Review by Choice Review
This volume by Carlson (Creighton Univ.) centers on the Catholic philosophical tradition associated with the work of Thomas Aquinas. The aim, as Carlson indicates, is twofold. First, the work is meant to serve as "a structured workbook ... to help make an understanding of the terminology [of the Thomistic] tradition available to students." Second, it seeks to "contribute to the ongoing renewal of this tradition." The essential question in evaluating this work's value and success thus becomes one of judging how closely it comes to fulfilling these two stated aims. As to the second ambition, one must wait and see whether, in fact, it "contributes" to the renewal of Thomism in our day.About the first goal one can say that, on the whole, the terms included (and listed in alphabetical order) and the explanations and definitions offered are reasonable. They will be a help to students reading Aquinas. However, at the same time, the explanations offered for many entries sometimes lack clarity and accuracy. For example, the entry titled "Five Ways, the" does not really explain how these proofs for the existence of God work in Aquinas's philosophical theology. The explanation/definition of "Judaism" is extremely limited and fails to give any indication of Aquinas's negative views of Judaism. Furthermore, beyond the weaknesses in certain definitions, some important terms, e.g., "justification," are omitted. The work does include a very helpful bibliography, and it indexes all entries at the end of the volume. Overall it is a useful, if less than excellent, philosophical dictionary. Large libraries serving Catholic studies and medieval philosophy may want to add it to their collections. Summing Up: Recommended. Upper-level undergraduates through professionals/practitioners. S. T. Katz Boston University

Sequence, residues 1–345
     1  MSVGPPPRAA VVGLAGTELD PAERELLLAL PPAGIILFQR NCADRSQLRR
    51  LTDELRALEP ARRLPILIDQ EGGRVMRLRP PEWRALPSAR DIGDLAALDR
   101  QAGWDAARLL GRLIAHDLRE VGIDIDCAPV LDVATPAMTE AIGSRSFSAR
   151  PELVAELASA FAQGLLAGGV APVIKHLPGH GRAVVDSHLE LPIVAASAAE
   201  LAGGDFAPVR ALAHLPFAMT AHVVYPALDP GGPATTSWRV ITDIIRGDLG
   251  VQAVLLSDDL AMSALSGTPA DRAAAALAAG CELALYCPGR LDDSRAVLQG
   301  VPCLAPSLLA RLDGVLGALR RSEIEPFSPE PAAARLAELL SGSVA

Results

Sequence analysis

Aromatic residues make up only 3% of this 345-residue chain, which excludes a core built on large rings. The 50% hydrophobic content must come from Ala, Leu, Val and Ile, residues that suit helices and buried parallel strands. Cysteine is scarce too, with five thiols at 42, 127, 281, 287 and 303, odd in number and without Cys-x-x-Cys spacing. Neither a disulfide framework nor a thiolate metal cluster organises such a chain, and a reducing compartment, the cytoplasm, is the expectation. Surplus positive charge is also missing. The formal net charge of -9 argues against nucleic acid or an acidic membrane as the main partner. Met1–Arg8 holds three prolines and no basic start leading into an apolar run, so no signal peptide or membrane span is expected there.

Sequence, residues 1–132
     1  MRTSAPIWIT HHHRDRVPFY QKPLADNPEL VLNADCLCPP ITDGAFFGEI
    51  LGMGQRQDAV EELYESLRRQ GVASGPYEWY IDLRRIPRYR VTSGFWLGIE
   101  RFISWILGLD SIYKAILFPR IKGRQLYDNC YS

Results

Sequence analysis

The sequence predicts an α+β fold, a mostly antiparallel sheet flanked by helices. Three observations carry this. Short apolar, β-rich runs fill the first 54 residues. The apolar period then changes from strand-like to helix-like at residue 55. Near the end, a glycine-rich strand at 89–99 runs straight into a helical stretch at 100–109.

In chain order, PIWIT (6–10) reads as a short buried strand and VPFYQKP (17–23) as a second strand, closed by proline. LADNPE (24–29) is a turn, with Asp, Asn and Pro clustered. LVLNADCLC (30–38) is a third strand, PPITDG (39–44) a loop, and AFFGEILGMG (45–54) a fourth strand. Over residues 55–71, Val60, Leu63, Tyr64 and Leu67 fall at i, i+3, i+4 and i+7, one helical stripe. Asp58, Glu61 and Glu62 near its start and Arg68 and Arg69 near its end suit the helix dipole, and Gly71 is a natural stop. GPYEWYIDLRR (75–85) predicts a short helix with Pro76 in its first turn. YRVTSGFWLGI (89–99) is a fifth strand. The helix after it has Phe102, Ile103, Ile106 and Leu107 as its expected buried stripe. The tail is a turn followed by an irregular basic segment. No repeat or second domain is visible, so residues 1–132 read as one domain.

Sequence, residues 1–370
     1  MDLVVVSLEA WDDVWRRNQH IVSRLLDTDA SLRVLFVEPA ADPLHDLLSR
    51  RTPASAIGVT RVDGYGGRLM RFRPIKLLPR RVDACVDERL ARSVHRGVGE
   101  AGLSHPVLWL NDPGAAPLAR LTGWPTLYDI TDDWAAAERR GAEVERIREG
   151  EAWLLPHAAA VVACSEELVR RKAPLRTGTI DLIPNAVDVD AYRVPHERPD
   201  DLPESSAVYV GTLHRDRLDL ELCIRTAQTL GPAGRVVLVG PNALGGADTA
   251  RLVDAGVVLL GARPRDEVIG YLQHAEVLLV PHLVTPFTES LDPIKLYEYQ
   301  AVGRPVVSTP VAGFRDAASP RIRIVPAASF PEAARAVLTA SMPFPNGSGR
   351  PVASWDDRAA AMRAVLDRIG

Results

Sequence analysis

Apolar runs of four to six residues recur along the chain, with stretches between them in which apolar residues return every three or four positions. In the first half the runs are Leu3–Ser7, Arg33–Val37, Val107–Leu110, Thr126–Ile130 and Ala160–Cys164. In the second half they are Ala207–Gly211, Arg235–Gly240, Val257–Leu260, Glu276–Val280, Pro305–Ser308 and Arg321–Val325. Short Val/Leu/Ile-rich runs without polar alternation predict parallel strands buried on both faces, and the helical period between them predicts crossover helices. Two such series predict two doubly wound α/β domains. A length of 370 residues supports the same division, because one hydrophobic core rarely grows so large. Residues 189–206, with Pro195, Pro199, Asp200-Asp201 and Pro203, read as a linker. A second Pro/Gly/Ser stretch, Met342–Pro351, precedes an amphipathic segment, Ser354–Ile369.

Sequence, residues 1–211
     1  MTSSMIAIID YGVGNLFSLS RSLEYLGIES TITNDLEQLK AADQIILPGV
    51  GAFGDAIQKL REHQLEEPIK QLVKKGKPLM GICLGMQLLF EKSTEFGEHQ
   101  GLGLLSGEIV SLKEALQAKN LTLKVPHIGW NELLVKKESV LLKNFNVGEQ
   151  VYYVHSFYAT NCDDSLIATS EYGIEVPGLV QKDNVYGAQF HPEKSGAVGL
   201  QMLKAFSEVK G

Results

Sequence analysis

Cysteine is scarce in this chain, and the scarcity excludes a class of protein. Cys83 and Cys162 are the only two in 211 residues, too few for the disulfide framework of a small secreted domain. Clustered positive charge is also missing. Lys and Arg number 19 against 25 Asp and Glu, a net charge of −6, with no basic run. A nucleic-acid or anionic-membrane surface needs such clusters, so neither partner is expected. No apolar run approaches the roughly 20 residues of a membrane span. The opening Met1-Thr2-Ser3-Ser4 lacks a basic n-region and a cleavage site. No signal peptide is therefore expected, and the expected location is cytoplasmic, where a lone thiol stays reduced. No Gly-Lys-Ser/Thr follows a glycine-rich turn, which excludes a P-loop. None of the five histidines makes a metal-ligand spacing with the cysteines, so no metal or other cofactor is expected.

Copyright American Library Association, used with permission.
Review by Library Journal Review
Carlson's (philosophy, Creighton Univ.; Understanding Our Being: Introduction to Speculative Philosophy in the Perennial Tradition) more than 1100 cross-referenced entries define basic philosophical terminology as it relates to the perennial tradition, that school of thought that runs through all religions. The entries were selected according to their significance to Christian wisdom, the writings of Pope John Paul II (particularly his Fides et ratio), and those of the St. Thomas Aquinas school of philosophical thought. They focus on presenting "integral Christian wisdom" in terms that students of theology, in seminary, and those with a love of theology and philosophy will find useful; they also provide an understanding of the philosophy inherent in the writings of Pope John Paul II. -VERDICT As well as the students mentioned above, readers seeking to understand the etymology of terms used in the Christian religious traditions will find a good deal to ponder in this book.-Christine -Sharbrough, Derry P.L., NH (c) Copyright 2012. Library Journals LLC, a wholly owned subsidiary of Media Source, Inc. No redistribution permitted.
(c) Copyright Library Journals LLC, a wholly owned subsidiary of Media Source, Inc. No redistribution permitted.